By Ali Weatherford

How long to breastfeed is a VERY common question. It seems like it should have a simple answer, right? Unfortunately, just like a lot of issues that come up for new parents, there is not a simple answer. So many of the questions that parents have can’t be answered definitively. There are usually MANY right answers. This might be frustrating for some people. A lot of people like to know that they are doing THE right thing. For others, knowing that there isn’t one right answer can be comforting. It took me a little while to figure this out when I had my first baby, but I’ve been very happy to run with it ever since.

How Much Milk are They Getting?

When you are breastfeeding, you don’t usually get to know exactly how much milk your baby is getting. There are so many things about breastfeeding that involve some faith. Fortunately, our bodies and our babies are pretty well-designed to do it right. When you get a good start with breastfeeding and then follow your baby’s lead, things tend to work out. Your baby decides when to eat, you listen and respond, then your body follows by making the right amount of milk. Those are the basics.

Some people worry about a drop in milk supply early on, but that is a very normal part of the process. Sometimes there really are problems with low milk supply, but often that is caused by something manageable, and there is usually a simple way to fix it.

Why Isn’t There a Simple Answer?

There are many reasons. First, there is a lot of variation in breast milk. The nutritional content varies from person to person, and that is very normal. Some milk has more or less fat and calories, and that can make a difference in how much a baby needs to eat.

Also, babies are very different. Some babies are very efficient eaters. They latch on quickly and create really excellent suction! These babies will get a lot of milk out fast. Other babies are weaker or sleepier or less motivated. Some babies have structural issues in the mouth that might make breastfeeding harder. These babies need more time to get out the same amount of milk.

For all of these reasons, it can be really hard to tell someone how long they should breastfeed.

The Common Wisdom

A lot of people will hear that they should feed their newborn for 10-15 minutes per breast every two to three hours. This works out for some, but it’s really just an average. It can be perfectly healthy for a baby to eat more or less often. It can also be perfectly healthy for a baby to spend more or less time at the breast. It’s important to pay attention to your baby’s wisdom. They know best how much time is needed. When you can relax and let the baby lead the way, things tend to work out for the best.

What to Do if My Baby is Not “Common”?

If you’re concerned about a baby who isn’t eating as often as recommended, check out this article about what to expect.

Some babies will eat for 10-15 minutes on each side very happily, but then get hungry again an hour later! It’s OK to feed your baby again. Some babies won’t be hungry again for four or five hours! This can also be normal and healthy. A very efficient eater might be finished in just five minutes and be too full or too sleepy for the other breast! In a case like this, you may have to shift to alternating breasts at each feeding. It may be a little difficult at first.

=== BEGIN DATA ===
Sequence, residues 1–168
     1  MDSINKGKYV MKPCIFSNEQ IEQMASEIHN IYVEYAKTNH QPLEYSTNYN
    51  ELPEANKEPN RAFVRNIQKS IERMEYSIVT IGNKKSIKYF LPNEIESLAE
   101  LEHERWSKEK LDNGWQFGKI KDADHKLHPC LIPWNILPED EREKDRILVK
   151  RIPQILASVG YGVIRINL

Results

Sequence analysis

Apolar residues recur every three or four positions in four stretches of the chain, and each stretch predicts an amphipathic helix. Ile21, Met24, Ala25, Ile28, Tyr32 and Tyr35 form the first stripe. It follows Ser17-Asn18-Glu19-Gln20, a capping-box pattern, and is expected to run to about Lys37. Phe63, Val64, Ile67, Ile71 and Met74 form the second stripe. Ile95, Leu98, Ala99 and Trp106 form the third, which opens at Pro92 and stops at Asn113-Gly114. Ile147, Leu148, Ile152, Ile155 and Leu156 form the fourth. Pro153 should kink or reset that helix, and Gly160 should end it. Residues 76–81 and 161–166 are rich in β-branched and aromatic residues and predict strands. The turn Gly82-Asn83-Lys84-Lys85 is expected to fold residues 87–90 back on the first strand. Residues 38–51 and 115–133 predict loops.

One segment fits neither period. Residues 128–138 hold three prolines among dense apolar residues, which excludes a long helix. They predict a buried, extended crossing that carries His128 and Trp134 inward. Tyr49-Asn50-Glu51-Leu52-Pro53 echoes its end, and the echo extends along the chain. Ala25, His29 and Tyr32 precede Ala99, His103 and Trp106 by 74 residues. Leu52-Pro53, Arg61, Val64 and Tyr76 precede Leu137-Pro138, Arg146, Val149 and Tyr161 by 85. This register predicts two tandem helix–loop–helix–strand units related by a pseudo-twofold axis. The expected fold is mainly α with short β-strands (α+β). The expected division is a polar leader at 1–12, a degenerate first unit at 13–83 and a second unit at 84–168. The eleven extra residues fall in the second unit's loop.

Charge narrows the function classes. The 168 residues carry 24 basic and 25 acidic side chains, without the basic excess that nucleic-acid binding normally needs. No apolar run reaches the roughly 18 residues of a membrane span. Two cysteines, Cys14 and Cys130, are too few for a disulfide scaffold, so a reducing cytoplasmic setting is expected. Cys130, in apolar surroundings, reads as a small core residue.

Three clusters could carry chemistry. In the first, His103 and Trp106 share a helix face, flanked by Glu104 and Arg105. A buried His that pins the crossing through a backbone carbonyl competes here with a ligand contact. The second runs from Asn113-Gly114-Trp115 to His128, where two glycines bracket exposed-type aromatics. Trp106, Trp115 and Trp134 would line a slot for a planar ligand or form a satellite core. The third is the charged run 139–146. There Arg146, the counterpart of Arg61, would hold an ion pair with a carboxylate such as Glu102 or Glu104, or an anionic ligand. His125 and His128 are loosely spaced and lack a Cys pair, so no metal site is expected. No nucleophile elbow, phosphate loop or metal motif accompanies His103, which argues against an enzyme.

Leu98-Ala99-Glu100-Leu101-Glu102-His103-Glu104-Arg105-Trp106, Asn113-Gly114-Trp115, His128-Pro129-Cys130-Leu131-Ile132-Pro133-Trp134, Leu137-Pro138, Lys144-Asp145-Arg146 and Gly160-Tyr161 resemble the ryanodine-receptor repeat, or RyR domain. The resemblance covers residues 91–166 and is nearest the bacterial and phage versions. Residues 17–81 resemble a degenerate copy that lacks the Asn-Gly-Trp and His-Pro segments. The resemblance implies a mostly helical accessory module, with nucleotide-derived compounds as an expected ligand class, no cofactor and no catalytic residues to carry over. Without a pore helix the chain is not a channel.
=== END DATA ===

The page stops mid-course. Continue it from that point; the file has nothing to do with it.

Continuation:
The neglected breast might get very full and engorged when the milk doesn’t get drained at a feeding time. That can be uncomfortable or even painful. Eventually, your breasts will most likely adjust to the baby’s schedule, but in the meantime, you might like to try some strategies to make yourself more comfortable.

You might try some gentle hand expression from the neglected breast after your baby feeds. If you’re doing this correctly, you can often remove enough milk to make you more comfortable without creating too much stimulation in that breast. It’s also important to do this so you’re offering some stimulation to that breast. That makes it less likely to slow down production too much and create a low milk supply problem.

On the opposite extreme, some babies need A LOT of time to drain a breast. I call these “marathon eaters”. They may even fall asleep briefly during a feed because they get exhausted. You might think they’re finished and try to remove your nipple from their mouth only to have the baby wake up and grab on again. It’s good to let the baby continue or move the baby to the other breast, EVEN IF they spent 45 minutes on the first side. This baby might still be hungry, and it’s important to remove milk from the other side too. It’s also important to allow the baby to drain each breast as thoroughly as possible so that they’re getting the foremilk and the hindmilk. If you have a marathon eater, it’s important to plan your day around this. They just need more time, and it’s a good thing for the baby and for your milk supply. It can be so frustrating though!

I completely understand wanting to hurry through a feeding so you can get something done. This was a very hard lesson for me. Most people aren’t used to just sitting and waiting like this. I like the idea of turning that argument around. Maybe you can convince yourself that this is not time wasted. This is time that you may never have with your baby again.

Babies do tend to get bigger and stronger and more efficient over time. Eventually they stop breastfeeding altogether! You may then be able to cherish all those many minutes and celebrate yourself for being able to provide this attention and nutrition to your baby.

Our articles are not intended or implied to be a substitute for professional medical advice, diagnosis, or treatment.

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